I'm glad that I grew up in an age minus the internet

I can remember when I first saw the internet.

Saturday, 4th March 2017, 6:01 am
Updated Thursday, 23rd March 2017, 4:43 pm
Social media is now part of daily life

It was in a university library nearly 20 years ago and the website looked more like a Word document than anything we’d associate with t’internet nowadays.

Fast forward a couple of decades and my young children find it unthinkable when I tell them that I grew up without it.

Much as the world survives perfectly well without these things (and, in some instances, is better, as there is of course a darker side to the worldwide web), I can’t help but think that homework would have been somewhat easier, so I do see their point.

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However, with the internet came an explosion of technology.

I only had a mobile phone at first for emergencies.

Then texting began and my friends and I were all entirely sucked in.

Phones went from vast, to the tinier the better, to slightly larger and more like a compact computer in your pocket. And then the same thing happened to our watches.

The fact that all this occurred in a short space of time leaves you boggling sometimes at what could happen over the next century.

Where will people be in 100 years?

Social media sprang from the advent of our telecommunications, again both good and bad.

Bullying, criminal activity, abusive activity; all have been given an outlet via the internet.

Imagery that once stood a chance of being regulated is at the fingertips of impressionable teenagers.

It’s deemed appropriate to take continual photos of yourself – but is that any worse than the photo booth pictures we all used to cram in for with our mates back in the 1990s?

Difference being, of course, that one was generally clad in clothing when sat in the booth outside Allders in Commercial Road, and unlikely to have it spread around the entire school afterwards.

On reflection, I am perhaps glad that I grew up in an age minus the internet and social media.

Less pressure, more social contact and less chance of making comments you later regret in a moment of high emotion, in a forum for all to see.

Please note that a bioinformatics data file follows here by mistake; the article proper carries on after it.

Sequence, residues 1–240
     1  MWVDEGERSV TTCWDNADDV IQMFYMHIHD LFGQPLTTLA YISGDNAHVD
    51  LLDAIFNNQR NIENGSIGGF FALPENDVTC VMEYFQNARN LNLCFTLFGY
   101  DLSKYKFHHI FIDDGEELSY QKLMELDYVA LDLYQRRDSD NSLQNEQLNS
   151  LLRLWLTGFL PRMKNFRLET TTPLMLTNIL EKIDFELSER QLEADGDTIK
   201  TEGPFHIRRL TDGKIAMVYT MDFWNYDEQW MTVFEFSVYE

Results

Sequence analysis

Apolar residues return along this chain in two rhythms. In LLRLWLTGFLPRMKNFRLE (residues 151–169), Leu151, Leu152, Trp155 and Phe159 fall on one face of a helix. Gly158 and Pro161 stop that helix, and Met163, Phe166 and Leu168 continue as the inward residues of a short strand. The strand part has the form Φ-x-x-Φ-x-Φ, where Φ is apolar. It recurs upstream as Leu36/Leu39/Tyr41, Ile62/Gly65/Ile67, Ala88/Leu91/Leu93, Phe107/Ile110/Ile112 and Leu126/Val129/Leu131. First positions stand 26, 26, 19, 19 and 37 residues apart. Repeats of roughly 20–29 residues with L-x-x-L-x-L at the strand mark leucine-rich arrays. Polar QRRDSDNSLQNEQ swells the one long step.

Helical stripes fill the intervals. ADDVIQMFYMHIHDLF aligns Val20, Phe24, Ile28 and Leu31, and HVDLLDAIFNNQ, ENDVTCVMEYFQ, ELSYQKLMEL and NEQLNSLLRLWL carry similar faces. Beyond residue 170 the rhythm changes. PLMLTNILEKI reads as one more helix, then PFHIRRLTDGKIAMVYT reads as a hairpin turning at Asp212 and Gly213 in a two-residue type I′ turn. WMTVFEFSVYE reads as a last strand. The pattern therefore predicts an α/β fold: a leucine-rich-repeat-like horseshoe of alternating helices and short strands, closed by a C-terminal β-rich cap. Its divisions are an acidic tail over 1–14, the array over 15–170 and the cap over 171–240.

In France, there is now a law establishing workers’ right to disconnect from the workplace.

It states that any company with in excess of 50 employees must firmly establish specific hours when staff should not send or answer e-mails.

The aim of this is to ensure that employees are fairly paid for work, and to enable them to switch off from the workplace by protecting their personal and private time. It should also help to prevent burnout.

As someone who receives texts and e-mails 24/7, I can see the appeal. But then again, as someone who receives them, I also therefore send them.

It seems harder and harder for people to relax these days – another result of our ever-increasing technology.


I have so far not allowed either of my children to have their own mobile phone.

This is mainly on the basis that they simply don’t need them (the eldest Facetimes her best mate from the iPad anyway).

But it’s also due to the fact that I deem them too young to be able to make appropriate or safe decisions regarding social media, who is contacting them and the high level of bullying that goes on via mobiles and all that they can access.

However, my eldest daughter starts secondary school in September and she’s worked out that this conveniently coincides with my contract running out and my upgrade being due.

Cue the passing on of my iPhone to her and a very strict pay-as-you-go budget!